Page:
To add to the articles on urban planning in Recife, here’s one more.
“‘A rua que convida traz vida’ (an inviting street brings life). This is the philosophy of a fledgling movement, which began to emerge on Rua da Glória late last year. Formed by intellectuals and artists, the group has proposed to rescue the history of the street – and the others adjacent to it, such as Rua Velha and Rua da Alegria – through artistic and residential occupation of the area. Initially , these people sought to restore dignity to Rua da Glória starting from recovering its private spaces. The abandoned houses, many of them in possession of the Santa Casa da Misericórdia, began to be rented out and renovated in order to be turned into places of cultural coexistence and confluence, in a compassionate and yet solitary attempt to resist the abandonment and the depredation of heritage.
When the actor and former furniture designer, Jorge Clésio, arrived at the house number 300 in September of last year, the property looked like a war scene. “There was a squatter who managed to destroy everything.
The roof was in pieces, there was no yard and there was a lot of garbage and dirt everywhere,” he recalls. From a blue energy (um…what?), according to his own definition, the house now has life. “Since I moved here I made several renovations. I put up a wall, redid the roof, and painted. Now I am restoring the tiles of the facade, a good part of them damaged, and redoing the mezzanine, which was completely destroyed. I want to return to that house the dignity it once had”, says Clésio.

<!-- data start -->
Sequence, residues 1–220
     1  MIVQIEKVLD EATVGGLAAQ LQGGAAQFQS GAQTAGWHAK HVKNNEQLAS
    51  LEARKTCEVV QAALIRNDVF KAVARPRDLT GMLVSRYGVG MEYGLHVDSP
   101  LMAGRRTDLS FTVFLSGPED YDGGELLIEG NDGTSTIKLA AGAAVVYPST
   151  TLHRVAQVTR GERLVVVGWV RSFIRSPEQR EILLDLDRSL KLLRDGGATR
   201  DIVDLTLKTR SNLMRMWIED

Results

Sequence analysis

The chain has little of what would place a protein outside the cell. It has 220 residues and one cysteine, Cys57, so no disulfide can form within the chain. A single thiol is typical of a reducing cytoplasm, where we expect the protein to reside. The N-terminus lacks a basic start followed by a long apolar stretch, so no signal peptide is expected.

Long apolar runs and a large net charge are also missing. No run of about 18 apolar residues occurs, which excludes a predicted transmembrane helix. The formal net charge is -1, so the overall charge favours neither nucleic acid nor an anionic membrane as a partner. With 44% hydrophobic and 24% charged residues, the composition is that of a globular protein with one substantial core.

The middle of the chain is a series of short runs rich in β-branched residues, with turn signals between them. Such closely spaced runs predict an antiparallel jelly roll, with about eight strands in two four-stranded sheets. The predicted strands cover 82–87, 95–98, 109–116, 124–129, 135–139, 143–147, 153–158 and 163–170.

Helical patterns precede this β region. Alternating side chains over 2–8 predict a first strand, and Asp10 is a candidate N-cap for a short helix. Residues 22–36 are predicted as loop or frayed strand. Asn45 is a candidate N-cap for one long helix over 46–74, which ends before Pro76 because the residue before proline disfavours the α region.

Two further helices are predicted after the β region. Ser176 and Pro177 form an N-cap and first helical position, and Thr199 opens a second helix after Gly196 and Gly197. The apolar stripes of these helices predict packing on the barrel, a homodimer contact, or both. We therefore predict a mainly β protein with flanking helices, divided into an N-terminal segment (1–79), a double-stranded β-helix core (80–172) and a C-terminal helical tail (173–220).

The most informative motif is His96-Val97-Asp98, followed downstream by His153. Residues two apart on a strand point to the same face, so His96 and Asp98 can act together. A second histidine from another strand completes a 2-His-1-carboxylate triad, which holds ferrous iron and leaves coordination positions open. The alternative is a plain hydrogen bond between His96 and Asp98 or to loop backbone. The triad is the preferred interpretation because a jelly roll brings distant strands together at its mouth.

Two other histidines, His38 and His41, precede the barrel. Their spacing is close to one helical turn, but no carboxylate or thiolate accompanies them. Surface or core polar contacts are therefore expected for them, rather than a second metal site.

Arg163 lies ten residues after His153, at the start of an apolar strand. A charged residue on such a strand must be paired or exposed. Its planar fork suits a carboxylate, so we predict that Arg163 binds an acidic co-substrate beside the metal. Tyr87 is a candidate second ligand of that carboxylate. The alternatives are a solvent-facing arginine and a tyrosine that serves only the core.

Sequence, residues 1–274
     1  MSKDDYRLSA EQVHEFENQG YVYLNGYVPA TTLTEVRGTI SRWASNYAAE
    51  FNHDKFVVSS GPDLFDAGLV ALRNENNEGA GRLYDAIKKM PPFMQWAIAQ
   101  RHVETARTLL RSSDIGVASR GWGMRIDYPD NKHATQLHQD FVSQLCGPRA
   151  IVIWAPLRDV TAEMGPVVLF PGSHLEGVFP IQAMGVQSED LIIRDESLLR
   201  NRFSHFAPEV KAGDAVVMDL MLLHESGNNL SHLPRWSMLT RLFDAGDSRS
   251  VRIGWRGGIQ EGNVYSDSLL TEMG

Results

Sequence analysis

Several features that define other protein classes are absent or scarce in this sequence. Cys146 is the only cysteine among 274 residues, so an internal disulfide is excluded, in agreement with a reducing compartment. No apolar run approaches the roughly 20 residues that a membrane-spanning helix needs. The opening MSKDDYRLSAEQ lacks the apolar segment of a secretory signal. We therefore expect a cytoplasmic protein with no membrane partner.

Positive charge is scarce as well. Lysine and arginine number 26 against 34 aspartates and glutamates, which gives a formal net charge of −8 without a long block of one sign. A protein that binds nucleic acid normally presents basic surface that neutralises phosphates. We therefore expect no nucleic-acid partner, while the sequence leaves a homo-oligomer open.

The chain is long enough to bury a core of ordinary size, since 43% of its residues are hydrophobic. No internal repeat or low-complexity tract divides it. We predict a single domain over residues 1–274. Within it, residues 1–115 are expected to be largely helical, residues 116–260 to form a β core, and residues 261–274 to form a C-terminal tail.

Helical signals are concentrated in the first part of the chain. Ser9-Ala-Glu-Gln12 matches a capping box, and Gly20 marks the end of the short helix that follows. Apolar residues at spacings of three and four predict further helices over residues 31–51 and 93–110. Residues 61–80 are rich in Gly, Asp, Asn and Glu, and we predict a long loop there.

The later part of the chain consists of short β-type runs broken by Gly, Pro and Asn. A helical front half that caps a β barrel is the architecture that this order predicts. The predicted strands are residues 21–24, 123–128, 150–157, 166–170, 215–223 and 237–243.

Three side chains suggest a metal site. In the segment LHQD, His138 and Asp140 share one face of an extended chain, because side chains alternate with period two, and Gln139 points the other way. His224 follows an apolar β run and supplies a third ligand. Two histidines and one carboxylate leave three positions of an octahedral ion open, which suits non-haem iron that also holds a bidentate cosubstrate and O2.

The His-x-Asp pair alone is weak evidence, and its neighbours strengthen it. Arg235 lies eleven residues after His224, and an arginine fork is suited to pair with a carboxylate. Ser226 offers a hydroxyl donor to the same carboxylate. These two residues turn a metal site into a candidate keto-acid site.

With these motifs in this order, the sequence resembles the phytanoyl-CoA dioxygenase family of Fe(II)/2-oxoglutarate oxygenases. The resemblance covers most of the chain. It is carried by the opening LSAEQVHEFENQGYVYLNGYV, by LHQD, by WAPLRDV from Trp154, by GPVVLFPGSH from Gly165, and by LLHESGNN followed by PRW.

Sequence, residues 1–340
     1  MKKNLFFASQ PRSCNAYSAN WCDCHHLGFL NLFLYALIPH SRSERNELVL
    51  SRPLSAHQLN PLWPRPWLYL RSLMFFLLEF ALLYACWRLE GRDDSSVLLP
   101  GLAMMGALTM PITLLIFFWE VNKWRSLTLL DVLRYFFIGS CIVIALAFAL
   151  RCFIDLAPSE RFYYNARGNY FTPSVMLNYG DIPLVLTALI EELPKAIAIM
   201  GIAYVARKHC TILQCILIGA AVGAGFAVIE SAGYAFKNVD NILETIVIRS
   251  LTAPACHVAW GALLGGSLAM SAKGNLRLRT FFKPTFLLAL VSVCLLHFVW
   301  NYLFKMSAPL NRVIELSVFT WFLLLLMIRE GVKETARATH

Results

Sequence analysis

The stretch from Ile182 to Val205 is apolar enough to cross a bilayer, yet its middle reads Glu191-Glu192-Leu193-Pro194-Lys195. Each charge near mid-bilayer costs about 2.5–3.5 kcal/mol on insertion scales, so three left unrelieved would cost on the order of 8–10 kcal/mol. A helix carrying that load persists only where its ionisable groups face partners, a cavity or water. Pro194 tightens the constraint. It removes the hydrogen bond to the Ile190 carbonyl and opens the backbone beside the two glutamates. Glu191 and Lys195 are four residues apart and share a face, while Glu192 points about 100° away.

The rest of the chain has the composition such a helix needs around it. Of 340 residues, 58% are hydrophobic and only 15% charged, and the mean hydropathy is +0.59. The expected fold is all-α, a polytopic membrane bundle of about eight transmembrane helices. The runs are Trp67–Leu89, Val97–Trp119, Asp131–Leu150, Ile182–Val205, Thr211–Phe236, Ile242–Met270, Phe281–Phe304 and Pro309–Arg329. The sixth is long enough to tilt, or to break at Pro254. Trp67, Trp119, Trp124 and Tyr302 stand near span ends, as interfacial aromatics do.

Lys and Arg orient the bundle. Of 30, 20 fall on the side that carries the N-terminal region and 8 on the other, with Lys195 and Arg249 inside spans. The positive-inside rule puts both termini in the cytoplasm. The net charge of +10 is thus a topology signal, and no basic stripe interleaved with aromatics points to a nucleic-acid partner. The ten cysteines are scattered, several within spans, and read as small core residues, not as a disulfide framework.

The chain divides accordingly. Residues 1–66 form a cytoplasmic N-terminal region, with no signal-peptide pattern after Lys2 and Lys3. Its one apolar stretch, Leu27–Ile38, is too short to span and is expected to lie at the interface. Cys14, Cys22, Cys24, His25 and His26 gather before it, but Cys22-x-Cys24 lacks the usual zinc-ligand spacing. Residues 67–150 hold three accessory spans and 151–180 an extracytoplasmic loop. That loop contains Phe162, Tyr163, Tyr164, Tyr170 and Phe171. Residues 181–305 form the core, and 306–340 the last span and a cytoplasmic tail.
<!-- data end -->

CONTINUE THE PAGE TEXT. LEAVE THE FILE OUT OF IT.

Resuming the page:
He didn’t come to Rua da Glória by chance. He came because of house number 310, which is the home of a couple of his friends: the artist Rinaldo Silva and journalist Germaine Accioly. They were indeed the precursors of this “movement” and responsible for ” introducing” Glória to other artists. On the day that Diario was gathering information, a German graffiti artist was working in Rinaldo’s studio and a group was taking photos for a CD cover.
“We bought this house for a studio 14 years ago. After assessing whether it would be worth living here, we decided to get a place that was ours, despite all the problems on the street, and also to find our own way of living. In the beginning, we realized that other residents were puzzled by our arrival. But today, when I play piano, neighbors stop in the window to listen,” Germana recounts. Five other houses have been occupied by artists and some transformed them into studios. “Via citizen activism, we humanize this street and gradually restore it , invite people to visit it and get to know its history. Glória has a lot to tell us,” says Germaine.
Inspired by the nostalgia and the architecture of the many abandoned and invaded houses, the artist Giuliano Amani set up his studio on Rua da Glória. His relationship with the place, moreover, goes far beyond mere admiration: it also houses the history of his family. “The house where the studio is today was once the home of my grandfather and has an emotional appeal,” he confesses. Calife, however, has not taken up residence there, aside from his desire to do so. “Next to my house is another one that’s falling to pieces. Mine was too when I got there. It had been encroached upon and the roof had caved in. When my grandfather lived here, this street was beautiful. Today there’s only garbage and busted sewage lines. And we want to change that reality.” – Source (PT)